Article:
Unforeseen expenditure normally outweighs unforeseen savings, so add a contingency (an extra bit) to some of the figures for the unexpected.
Funders usually allow you to apply on a “Full cost recovery” basis. This means you can write all of the costs of running your project into the application i.e. if your social club for over-60s runs three days per week, you can write three days per week overheads into your application (building costs, staff time etc).
Now that grants for core funding such as rent are becoming more scarce, full cost recovery is a key concept to grasp, especially as your organisation grows and you take on more complex work.
Some funders like you to match their funding with monies from other sources. So you will have to apply to several funders and put together a package with different funders contributing to different aspects of the project.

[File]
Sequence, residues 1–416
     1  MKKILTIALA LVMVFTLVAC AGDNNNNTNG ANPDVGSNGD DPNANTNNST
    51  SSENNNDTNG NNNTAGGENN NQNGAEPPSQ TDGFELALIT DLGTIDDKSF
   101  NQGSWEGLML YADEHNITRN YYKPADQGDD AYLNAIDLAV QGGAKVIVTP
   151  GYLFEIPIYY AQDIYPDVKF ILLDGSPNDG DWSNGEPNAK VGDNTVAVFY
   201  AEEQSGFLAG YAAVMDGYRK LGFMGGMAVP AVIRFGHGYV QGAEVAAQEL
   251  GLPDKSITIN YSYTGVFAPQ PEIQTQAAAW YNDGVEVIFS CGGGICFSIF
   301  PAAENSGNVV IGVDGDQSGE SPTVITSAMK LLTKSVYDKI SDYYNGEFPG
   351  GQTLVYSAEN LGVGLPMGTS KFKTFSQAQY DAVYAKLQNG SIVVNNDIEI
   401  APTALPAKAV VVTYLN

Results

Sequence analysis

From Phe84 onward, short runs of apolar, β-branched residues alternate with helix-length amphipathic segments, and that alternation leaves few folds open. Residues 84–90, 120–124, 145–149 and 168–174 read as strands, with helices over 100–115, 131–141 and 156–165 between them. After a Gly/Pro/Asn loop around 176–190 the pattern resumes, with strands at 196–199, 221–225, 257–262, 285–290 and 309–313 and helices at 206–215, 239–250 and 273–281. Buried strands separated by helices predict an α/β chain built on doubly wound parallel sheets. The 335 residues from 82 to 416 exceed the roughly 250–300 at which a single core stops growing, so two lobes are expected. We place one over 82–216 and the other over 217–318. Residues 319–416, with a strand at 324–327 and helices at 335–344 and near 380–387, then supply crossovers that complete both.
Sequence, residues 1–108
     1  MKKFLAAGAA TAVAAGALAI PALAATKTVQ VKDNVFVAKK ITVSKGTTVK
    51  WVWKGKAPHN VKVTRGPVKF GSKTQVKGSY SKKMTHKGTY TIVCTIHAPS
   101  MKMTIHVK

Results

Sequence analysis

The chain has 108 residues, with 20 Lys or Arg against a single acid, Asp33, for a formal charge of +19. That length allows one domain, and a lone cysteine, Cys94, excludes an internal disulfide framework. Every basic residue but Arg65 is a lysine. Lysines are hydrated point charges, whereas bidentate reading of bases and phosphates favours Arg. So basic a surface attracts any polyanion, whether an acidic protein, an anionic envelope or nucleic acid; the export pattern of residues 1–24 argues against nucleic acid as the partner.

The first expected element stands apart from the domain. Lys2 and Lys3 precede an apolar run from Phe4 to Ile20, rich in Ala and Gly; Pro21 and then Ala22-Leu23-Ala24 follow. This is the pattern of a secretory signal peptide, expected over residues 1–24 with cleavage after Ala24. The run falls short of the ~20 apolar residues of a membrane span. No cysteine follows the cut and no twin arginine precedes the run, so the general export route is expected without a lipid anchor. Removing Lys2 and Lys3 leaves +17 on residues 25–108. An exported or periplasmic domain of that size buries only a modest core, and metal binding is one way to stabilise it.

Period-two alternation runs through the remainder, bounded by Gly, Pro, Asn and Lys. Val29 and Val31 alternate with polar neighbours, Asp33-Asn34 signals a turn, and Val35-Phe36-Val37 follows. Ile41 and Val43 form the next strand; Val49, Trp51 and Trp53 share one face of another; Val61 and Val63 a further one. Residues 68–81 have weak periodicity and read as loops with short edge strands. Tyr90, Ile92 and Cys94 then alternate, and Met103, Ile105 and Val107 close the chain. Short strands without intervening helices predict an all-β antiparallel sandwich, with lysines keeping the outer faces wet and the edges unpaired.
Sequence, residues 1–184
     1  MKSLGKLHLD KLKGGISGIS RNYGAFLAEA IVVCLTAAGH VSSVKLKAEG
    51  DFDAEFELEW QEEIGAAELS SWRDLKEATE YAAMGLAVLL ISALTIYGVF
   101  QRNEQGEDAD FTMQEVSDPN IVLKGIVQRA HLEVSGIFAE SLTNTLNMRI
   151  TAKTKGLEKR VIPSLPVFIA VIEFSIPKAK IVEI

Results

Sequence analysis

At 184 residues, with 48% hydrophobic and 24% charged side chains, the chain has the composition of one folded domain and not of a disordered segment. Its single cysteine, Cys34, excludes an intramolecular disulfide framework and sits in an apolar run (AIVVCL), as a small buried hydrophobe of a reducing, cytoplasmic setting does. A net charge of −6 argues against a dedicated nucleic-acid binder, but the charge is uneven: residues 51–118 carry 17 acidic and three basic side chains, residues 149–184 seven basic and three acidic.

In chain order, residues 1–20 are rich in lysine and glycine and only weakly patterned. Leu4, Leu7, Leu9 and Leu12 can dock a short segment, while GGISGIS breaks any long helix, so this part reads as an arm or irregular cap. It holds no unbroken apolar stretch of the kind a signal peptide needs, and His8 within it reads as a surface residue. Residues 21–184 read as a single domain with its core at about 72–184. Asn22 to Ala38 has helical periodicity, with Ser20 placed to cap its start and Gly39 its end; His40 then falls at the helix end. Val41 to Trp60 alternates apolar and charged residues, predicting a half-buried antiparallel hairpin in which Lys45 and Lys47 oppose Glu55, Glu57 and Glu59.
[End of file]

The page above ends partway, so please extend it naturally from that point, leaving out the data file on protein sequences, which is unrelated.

It’s often especially important for local authorities to leverage in additional funding. If you get a three-year grant, receiving your second and third-year payments may depend on the success of fundraising – or at least your ability to demonstrate that you have tried to bring in matched funding.
Many funders are keen on partnerships and joint working between organisations. They are frequently seen as a means of promoting innovation, potentially cutting overheads and reducing duplication of work.
You have to look at potential partnerships and evaluate whether they will benefit your organisation and ultimately your clients. They can be good sources of funding and from time-to-time a chance to look at new areas of work.
If possible allow for flexibility in your application so that the funder can provide at a level that suits them.